You can’t control your genes, and at least for now, altering your genes to change aging patterns (as in the fruit fly study) is a distant reality. Besides, only about 35 percent of your lifespan is indicated by your genes. That leaves 65 percent that is in your control! Work on these diet and lifestyle changes to stay young and prevent many common ailments.

  • Anti-aging Diet: Consume plenty of antioxidant-rich and anti-inflammatory foods to minimize free-radical damage. Fish, fruits and vegetables, whole grains, legumes, yogurt, and nuts will all work to keep you healthy and strong. Also, drink plenty of water to keep your skin, muscles, and organs hydrated.
  • Exercise: Stay active and stay young. Examining cell function, researchers at King’s College in London found that people who exercised for about three hours a week had telomeres (DNA caps) that appeared to be nine years younger than those who exercised only sixteen minutes a week.
  • Rest and De-stress: Take the time to rest so your body and mind have time to repair and recuperate.
  • Brain Fitness: Exercise and challenge your brain with crossword puzzles, games, and puzzles.

Resources

BBC News. (2000). Altered flies live twice as long. Retrieved June 28, 2009 from the BBC Web site: http://news.bbc.co.uk/2/hi/science/nature/1071910.stm.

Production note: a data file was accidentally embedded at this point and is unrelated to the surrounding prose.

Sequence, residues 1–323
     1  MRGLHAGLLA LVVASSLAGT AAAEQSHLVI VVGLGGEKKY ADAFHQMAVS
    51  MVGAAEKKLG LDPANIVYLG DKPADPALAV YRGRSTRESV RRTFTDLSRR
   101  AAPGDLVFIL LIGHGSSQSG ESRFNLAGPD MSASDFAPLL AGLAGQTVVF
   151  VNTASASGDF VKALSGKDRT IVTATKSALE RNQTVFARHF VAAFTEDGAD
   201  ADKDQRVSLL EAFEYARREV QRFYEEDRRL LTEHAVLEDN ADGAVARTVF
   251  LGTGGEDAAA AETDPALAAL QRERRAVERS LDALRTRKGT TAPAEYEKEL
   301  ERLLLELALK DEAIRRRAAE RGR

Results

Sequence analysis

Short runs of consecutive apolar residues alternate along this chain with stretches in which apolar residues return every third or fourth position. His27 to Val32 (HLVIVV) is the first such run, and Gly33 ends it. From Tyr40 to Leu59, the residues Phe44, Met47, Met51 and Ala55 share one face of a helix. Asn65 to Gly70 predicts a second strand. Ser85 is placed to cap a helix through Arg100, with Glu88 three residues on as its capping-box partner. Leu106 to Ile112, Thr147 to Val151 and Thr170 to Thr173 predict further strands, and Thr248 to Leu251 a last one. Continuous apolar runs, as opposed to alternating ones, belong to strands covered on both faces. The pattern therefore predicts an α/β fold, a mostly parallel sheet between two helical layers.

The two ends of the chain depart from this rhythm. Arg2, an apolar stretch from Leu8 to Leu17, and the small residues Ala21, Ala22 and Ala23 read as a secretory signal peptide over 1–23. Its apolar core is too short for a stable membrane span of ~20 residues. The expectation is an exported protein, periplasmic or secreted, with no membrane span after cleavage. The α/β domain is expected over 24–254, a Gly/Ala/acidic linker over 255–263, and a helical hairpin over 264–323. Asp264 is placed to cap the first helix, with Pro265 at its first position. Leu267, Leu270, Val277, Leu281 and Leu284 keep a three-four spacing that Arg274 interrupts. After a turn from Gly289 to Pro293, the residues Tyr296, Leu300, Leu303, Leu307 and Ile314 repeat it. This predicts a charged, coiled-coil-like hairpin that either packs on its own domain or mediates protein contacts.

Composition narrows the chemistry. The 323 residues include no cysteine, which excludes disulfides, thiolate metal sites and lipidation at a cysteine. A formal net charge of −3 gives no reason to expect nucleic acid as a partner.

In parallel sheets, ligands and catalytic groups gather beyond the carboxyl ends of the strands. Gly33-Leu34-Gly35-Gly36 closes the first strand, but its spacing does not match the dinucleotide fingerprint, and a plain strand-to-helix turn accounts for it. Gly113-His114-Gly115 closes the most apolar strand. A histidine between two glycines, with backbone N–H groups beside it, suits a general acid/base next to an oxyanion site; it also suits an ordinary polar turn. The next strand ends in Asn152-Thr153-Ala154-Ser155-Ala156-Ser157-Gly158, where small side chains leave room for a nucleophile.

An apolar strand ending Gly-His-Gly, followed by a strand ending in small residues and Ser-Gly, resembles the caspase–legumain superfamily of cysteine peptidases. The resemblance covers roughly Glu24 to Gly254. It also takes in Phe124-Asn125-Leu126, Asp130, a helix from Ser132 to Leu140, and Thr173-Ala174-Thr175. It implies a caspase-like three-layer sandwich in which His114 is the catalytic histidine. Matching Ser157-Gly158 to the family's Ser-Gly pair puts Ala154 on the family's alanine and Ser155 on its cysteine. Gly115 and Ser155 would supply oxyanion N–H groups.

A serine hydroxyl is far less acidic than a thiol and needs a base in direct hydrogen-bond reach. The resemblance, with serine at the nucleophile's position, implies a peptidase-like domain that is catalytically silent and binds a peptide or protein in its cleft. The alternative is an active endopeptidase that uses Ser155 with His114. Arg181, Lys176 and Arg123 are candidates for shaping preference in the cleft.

Genetics Home Reference. (n.d.). Alzheimer disease. Retrieved June 28, 2009, from the Genetics Home Reference Web site: http://ghr.nlm.nih.gov/condition=alzheimerdisease.

Huang, Qy. (2006). Genetics of osteoporosis. Retrieved June 28, 2009, from the Pubmed Web site: http://www.ncbi.nlm.nih.gov/pubmed/16762578.

Longevity Science. (n.d.). Genetics. Retrieved June 28, 2009, from the Longevity Science Web site: http://longevity-science.org/Genetics.htm.

National Cancer Institute. (n.d.). Genetics of Prostate Cancer. Retrieved June 28, 2009, from the National Cancer Institute Web site: http://www.cancer.gov/cancertopics/pdq/genetics/prostate/HealthProfessional/page2.

ScienceDaily LLC. (2000). The genetics of aging: New study says cell division errors may be the common link. Retrieved June 28, 2009 from the ScienceDaily Web site: http://www.sciencedaily.com/releases/2000/03/000331083546.htm.

ScienCentral, Inc. (1997). The genetics of aging: Is getting old in your genes? Retrieved June 28, 2009 from the Science Friday Web site: http://www.sciencefriday.com/pages/1997/Sep/hour1_090597.html.

Stein, R. (2008). Exercise could slow aging of body, study suggests. Retrieved June 28, 2009, from the Washington Post Web site: http://www.washingtonpost.com/wp-dyn/content/article/2008/01/28/AR2008012801873.html.

The American Physiological Society. (2008). Mouse study: When it comes to living longer, it’s better to go hungry than go running. Retrieved June 28, 2009, from the American Physiological Society Web site: http://www.the-aps.org/press/journal/08/21.htm.

Zelman, K. (n.d.). The anti-aging diet: Can what you eat help you age gracefully? Retrieved June 28, 2009 from the WebMD Web site: http://www.webmd.com/healthy-aging/guide/anti-aging-diet?page=3.